Home Artifacts History Center’s new online exhibit captures island traditions: hunting, clam fishing and fishing over the years

History Center’s new online exhibit captures island traditions: hunting, clam fishing and fishing over the years



This summer, the Shelter Island Historical Society received the Young Scholar Award from the Robert DL Gardiner Foundation, offered to historical societies on Long Island, allowing them to select a student intern to complete 100 hours of service.

Shelter Island School sophomore Leonardo Dougherty was selected and recently completed a new online exhibit: “The DNA of Shelter Island”.

He worked closely with the archivist of the Historical Society, Rachel Lucas; coordinator of the Lucas Deupree collections; and Executive Director Nanette Lawrenson. The exhibit includes photographs, artifacts and audio clips, all selected by Mr. Dougherty, to illustrate island activities that have been enjoyed by generations, many of which have centered on water.

Classic old postcards, many with personal messages, recall the days when the island’s famous hotels, the Prospect and the Manhanset House, invited families to spend a pleasant summer stay.

He also documented with photographs many artefacts donated to the Society by Island families, including duck decoys and clam rakes, which evoke timeless activities of the Island such as hunting, fishing for clams and fishing.

Leonardo not only enjoyed access to the center vault, but was able to explore the Havens House attic from 1743 as well as the field barn for items to include in the story.

An oral history by Islander Scudder Griffing tells of his family’s tradition of using a rowboat to hunt ducks and muskrats. Poignant details emerge in the way Leonardo organized the collection, such as a pot shape of eel believed to have belonged to Abraham Schaible, a firefighter who helped put out the fire at the Prospect Hotel.

He met his wife in Goat Hill sledding, we’re told, and they’ve been together for 60 years.

Leonardo divided his time between his work at the History Center, an average of 15 hours per week, and his outdoor lifeguard job at the Beach Club.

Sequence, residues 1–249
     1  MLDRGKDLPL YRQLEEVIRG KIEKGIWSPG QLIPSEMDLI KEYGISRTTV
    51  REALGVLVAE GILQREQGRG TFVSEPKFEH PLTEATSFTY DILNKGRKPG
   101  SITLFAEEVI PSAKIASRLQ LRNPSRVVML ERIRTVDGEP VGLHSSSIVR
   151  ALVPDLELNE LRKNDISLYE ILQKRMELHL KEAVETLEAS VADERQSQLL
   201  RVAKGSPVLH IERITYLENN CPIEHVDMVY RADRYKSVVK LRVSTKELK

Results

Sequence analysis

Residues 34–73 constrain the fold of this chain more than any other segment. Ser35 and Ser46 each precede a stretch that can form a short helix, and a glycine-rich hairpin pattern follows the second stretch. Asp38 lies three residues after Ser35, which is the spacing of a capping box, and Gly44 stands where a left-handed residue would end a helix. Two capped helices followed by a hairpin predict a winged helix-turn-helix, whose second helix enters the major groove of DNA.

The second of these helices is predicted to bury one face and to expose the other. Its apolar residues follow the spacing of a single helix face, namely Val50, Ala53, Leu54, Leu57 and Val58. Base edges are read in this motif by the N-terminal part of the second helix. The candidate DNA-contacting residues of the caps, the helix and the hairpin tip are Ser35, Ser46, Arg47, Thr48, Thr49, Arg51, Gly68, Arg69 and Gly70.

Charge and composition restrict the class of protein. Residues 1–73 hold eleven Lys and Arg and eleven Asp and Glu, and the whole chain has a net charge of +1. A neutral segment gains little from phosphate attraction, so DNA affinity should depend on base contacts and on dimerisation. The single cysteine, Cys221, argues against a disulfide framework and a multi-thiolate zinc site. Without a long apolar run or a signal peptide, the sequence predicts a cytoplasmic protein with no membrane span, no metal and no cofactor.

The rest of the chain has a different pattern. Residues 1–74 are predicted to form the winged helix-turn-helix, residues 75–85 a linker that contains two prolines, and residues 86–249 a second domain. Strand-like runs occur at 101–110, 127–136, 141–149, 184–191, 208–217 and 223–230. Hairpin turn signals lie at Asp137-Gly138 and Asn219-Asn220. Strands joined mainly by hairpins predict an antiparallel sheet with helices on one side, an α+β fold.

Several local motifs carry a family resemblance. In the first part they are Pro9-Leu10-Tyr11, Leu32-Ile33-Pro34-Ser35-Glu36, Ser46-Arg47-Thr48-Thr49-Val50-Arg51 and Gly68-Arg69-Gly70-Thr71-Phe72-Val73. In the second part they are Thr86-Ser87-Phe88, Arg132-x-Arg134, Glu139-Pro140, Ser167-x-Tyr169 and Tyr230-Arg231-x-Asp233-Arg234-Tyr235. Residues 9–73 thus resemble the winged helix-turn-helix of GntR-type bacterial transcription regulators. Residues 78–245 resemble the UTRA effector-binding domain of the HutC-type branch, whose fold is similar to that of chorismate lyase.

Previously, he had learning opportunities at his old school, Hayground, spending time working with professional photographers and with chefs in restaurant kitchens. He has his eye on a future in design, perhaps architecture, as he reflects on directions in college and beyond.

Although he said what he valued most about the project was the access it gave him to Company records and artifacts, he was happy to have been able to see how the construction went. .

“There were models and books that I was able to browse,” he said, speaking of the History Center designed by architect William Pedersen, which was built to encapsulate Havens House and provide extensive exhibition space and safe storage space.

With the start of the school year, he will be focusing on his studies again, as well as cross country, track and field and hopefully baseball in the spring. “I wish we had fewer COVID restrictions,” he said, “but we’ll do what we have to do. “

This online exhibit will bring great pleasure to anyone who may not yet be comfortable venturing into indoor spaces, including the History Center, due to concerns about COVID. For all who watch it, at shelterislandhistorical.org/dnaofshelterisland.html, it promises an opportunity to revisit and reflect on what generations of Islanders have enjoyed to date.